Saundra Rose Maley) trace his development from young, poor Army enlistee
scrambling for time to read Catullus (''he most deliciously soared upon his
physical and spiritual consciousness'') to famous midcareer writer communing
with fellow eminence Galway Kinnell (''I think you and I have always shared
something so deep as to be terribly difficult to welcome into words'').
Along the way are major correspondences with Donald Hall, Theodore Roethke,
James Dickey, Robert Bly and others.
Continued in article
Labor Day Thoughts: Democrats' new line of attack against the Bush
tax cut policies
Now that the economy has created some four million new
jobs over the past two years and the unemployment rate has fallen to a five-year
low, the left's jabs about the Bush "jobless recovery" have lost their sting. So
just in time for Labor Day, the Democrats' new line of attack against the Bush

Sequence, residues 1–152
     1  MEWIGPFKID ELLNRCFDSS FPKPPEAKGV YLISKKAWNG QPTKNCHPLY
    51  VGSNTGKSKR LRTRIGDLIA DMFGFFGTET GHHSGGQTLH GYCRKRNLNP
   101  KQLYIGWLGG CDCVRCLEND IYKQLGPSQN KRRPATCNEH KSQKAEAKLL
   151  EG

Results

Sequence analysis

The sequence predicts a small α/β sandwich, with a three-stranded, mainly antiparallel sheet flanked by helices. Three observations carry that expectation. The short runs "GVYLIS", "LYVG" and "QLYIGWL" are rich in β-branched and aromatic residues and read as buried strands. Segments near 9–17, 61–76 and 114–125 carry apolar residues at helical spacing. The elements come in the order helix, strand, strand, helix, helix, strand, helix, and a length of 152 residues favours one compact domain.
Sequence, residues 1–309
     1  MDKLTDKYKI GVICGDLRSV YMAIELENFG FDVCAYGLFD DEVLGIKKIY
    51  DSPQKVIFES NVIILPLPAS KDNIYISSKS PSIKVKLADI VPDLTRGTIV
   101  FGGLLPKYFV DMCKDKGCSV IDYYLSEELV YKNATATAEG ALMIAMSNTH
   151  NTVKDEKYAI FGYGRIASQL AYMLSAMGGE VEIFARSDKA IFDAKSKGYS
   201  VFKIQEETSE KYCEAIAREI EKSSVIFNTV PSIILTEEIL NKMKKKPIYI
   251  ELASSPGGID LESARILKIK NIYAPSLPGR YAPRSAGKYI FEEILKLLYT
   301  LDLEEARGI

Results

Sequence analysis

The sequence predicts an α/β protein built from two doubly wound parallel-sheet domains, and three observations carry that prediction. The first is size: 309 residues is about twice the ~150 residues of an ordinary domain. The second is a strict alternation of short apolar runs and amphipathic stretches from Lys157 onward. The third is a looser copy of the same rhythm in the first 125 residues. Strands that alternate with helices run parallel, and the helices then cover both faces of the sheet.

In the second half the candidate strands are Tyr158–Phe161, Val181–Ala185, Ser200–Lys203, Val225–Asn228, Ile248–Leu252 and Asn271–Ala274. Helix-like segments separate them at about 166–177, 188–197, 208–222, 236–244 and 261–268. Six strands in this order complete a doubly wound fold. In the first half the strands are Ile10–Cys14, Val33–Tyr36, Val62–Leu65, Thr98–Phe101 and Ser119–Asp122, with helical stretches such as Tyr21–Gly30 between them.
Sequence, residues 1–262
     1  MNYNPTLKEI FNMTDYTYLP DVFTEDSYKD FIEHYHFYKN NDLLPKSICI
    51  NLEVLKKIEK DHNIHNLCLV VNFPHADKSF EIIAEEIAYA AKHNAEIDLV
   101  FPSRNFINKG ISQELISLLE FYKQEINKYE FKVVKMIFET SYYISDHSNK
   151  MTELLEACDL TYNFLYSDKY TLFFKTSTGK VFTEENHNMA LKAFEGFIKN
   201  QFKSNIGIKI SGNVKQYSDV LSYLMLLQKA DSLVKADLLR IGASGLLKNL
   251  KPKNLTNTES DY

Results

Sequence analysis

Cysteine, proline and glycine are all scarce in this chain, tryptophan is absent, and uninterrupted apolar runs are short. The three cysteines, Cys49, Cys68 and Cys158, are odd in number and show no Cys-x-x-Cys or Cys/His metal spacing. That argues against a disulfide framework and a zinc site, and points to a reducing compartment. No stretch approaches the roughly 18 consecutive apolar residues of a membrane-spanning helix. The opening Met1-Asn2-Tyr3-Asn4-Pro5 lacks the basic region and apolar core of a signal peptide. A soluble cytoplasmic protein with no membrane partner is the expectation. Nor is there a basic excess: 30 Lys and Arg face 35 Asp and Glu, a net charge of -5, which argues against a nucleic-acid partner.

tax cut policies is "stagnant wages." The union-funded Economic Policy Institute
alleges that wages are falling "at their fastest rate in 14 years."
Middle-income families are said to be trapped on an economic treadmill sprinting
ever faster just to avoid falling behind financially. Some critics have even
trotted out contorted statistics which suggest that workers have made almost no
income gains since the late "70s. It's a grim picture that suggests that the
best days of the American worker are behind us and that The Brady Bunch lived
better than Bart Simpson's family does today. But the reality is that the
economic well-being of the American family has never been better -- as measured
by income, consumption, and wealth (see nearby chart). And these gains have
continued over the past five years, despite the recession and stock-market crash
of 2000-01. The typical household today has a disposable income higher than any